ELGIN — A charity seeking to operate a new residence facility in Lake County for the chronically homeless have secured a win in their tussle with county officials over the project, after a divided state appellate panel sided with a trial court's decision to reverse a county board's decision to deny the Lake County PADS group's application to open a new site for its Safe Haven program in a vacant government building.
Illinois Second Appellate District Justice Joseph E. Birkett issued the decision,with Justice Mary Seminara-Schostok concurring. Justice Donald C. Hudson dissented.
The majority affirmed that the Housing Authority of Lake County could lease Midlothian Manor, a former senior assisted living residence, to PADS for its Safe Haven program.
“In our view, the act expressly permits the authority to contractually partner with other entities to provide the types of services that further the authority’s goals and statutory purposes…" Birkett said in the decision. "The authority’s core purpose is to provide safe, decent, sanitary, and affordable housing to underserved and disadvantaged residents of the county.”
PADS of Lake County Illinois is a not-for-profit organization which seeks to aid homeless people in various ways. When PADS needed to relocate their Safe Haven program in North Chicago, it found a former senior assisted living center called Midlothian Manor near Lake Zurich. Safe Haven is a program that is designed to give chronically homeless people permanent supportive housing.
PADS discussed which permit to apply for with staff members at the county Housing Authority, which is empowered by the Housing Act to build and operate low-rent housing projects and housing accommodations. PADS applied for a change-in-use permit. Director Eric Waggoner issued PADS a change-in-use permit to lease the government-owned building.
Upon realizing that Waggoner issued the permit, some neighbors voiced concerns about the use of Midlothian Manor as a homeless shelter, fearing it could bring crime or lower property values.
The residents appealed to the Lake County Zoning Board of Appeals to deny Safe Haven’s permit. The board, noting the sensitive and complex subject, said its job was not to judge whether the homeless should reside in that space, but merely to decide whether there was an error in Waggoner’s determination.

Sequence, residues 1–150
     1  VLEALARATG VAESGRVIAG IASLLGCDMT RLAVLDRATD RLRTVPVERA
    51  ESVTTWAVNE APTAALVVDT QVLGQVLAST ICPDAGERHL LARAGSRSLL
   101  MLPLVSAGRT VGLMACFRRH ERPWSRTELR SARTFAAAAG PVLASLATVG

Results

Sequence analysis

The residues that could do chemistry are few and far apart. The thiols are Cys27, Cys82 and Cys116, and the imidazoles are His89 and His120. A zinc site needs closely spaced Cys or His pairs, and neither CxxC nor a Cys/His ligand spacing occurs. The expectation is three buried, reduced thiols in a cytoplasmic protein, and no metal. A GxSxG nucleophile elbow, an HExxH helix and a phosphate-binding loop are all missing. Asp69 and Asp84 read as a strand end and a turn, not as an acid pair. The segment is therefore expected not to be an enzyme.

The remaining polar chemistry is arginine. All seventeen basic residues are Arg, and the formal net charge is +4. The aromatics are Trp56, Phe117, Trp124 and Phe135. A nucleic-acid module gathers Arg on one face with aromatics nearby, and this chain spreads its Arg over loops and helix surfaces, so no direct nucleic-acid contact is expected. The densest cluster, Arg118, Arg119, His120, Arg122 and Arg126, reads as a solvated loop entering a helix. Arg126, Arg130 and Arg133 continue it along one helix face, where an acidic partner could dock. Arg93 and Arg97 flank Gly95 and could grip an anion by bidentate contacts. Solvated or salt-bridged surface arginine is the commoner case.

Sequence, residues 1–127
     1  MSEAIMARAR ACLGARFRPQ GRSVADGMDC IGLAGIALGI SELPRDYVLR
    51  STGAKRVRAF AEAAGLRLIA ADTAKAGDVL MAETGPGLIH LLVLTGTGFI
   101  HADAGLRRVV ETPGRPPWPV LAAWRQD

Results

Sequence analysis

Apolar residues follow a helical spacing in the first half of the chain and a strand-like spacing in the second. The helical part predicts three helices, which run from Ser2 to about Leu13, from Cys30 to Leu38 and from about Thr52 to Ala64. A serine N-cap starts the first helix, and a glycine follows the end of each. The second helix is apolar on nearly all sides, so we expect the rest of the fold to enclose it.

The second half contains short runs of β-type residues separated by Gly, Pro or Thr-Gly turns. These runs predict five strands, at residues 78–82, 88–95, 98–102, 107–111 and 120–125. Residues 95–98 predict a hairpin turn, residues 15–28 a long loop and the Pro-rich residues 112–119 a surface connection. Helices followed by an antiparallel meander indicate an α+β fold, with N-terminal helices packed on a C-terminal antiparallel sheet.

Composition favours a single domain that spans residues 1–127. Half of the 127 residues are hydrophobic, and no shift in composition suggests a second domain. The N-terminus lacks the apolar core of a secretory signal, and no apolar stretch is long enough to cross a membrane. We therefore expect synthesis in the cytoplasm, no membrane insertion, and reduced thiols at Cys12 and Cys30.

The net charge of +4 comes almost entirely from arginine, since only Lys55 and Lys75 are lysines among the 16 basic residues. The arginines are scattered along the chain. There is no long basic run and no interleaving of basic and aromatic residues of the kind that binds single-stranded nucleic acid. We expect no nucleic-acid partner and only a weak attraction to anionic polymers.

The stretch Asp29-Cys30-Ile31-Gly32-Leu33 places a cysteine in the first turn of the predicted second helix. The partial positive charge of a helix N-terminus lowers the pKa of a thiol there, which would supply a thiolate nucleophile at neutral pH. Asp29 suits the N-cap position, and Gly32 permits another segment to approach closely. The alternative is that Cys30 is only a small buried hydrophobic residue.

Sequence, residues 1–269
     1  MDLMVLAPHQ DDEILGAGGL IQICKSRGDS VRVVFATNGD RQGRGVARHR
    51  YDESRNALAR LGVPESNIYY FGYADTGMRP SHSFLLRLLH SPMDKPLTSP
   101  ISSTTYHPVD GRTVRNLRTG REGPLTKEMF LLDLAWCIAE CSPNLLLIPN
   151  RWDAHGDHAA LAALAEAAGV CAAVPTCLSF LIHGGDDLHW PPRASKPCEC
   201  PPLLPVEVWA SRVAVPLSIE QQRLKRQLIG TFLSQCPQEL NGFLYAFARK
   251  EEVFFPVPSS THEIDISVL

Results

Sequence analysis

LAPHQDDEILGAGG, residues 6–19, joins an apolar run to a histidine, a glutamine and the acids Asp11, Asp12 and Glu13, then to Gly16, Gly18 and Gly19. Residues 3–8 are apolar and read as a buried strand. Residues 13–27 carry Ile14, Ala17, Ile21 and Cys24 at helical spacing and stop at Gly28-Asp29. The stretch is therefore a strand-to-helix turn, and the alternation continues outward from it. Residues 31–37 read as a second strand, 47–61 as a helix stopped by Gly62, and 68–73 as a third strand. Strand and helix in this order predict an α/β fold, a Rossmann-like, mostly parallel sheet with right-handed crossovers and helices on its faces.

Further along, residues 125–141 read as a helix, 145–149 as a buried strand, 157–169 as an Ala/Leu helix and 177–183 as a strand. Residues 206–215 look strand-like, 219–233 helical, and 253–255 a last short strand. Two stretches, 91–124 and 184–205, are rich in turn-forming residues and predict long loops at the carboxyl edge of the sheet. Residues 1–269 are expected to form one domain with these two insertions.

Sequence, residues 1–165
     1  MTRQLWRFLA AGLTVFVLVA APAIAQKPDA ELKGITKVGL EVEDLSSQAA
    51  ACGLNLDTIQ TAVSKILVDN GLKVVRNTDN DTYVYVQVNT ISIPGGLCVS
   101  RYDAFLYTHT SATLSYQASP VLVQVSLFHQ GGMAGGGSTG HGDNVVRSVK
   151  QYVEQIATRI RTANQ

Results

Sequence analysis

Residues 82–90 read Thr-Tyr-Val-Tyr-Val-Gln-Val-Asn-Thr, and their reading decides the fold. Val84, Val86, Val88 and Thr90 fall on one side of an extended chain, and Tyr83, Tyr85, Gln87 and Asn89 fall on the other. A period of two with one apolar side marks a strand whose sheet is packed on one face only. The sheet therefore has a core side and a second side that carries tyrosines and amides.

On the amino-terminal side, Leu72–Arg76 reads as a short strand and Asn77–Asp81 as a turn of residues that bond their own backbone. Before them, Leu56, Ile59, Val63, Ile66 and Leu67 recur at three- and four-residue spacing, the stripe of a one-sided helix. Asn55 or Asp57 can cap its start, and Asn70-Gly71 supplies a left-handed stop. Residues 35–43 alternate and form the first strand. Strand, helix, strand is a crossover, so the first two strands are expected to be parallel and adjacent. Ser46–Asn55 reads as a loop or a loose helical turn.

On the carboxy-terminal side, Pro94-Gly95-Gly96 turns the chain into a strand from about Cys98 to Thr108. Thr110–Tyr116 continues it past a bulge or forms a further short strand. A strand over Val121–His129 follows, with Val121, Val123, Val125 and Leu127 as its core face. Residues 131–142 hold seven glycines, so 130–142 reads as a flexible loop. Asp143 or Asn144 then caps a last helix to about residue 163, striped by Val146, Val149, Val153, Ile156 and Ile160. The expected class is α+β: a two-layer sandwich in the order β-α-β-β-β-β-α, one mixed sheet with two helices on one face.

After a three-day public hearing, the board reversed Waggoner’s decision. The board as a whole believed the director incorrectly classified the proposed project as a government use, but members had different reasons as to why they believed the decision was erroneous. Some thought the classification of Midlothian Manor had been done incorrectly and should have been classified as group living, and another said the definition of government use clashed with the authority’s decision to lease Midlothian to private, not-for-profit entities.
Waggoner said that leasing Midlothian Manor to PADS would satisfy the statutory responsibility of the authority that requires an intended use for a government-owned building to be a government use, because the Safe Haven program would further the purpose of helping the homeless.
The housing authority appealed the board’s decision, and a Lake County judge reversed, saying the board was improperly concerned with the director’s procedure for arriving at his determination, instead of the substance of the determination. The board appealed the circuit court decision, saying because the director had incorrectly applied the Lake County's development code when determining Midlothian Manor would have a government use, the board’s decision was correct. It also argued that Waggoner himself had admitted the shelter would be similar to “group living,” which is prohibited in the R-1 zoning district.
Because the board only reversed the determination that classified the project as “government use (no assembly space),” without attempting to offer any appropriate reclassification, the appellate justices noted that was the determination they had to review.
The majority affirmed that Waggoner’s decision was in line with the county code and explained county ordinances define government use as “[a] building or structure owned or leased by a unit of government and used by the unit of government in exercising its statutory authority.”
“The authority unites with the goals of the U.S. Department of Housing and Urban Development (HUD), which has directed public housing authorities to work to end homelessness, specifically for the 'chronically homeless,'” Birkett said in the decision. “The best indication of legislative intent is the language used given its plain and ordinary meaning.”
Justice Hudson, however, dissented, stating he would have affirmed the board’s decision and agreed that the program amounted to “group living.”
“I find it nearly impossible to dismiss this conclusion as clearly erroneous," Hudson wrote in the decision. "In my view, it is not clear that the building would be 'used by' the authority. The fact that the authority approves of the use to which PADS would put it- and even the fact that the authority could put it to that use itself - do nothing to establish that the authority would actually ('indirectly') be using it.”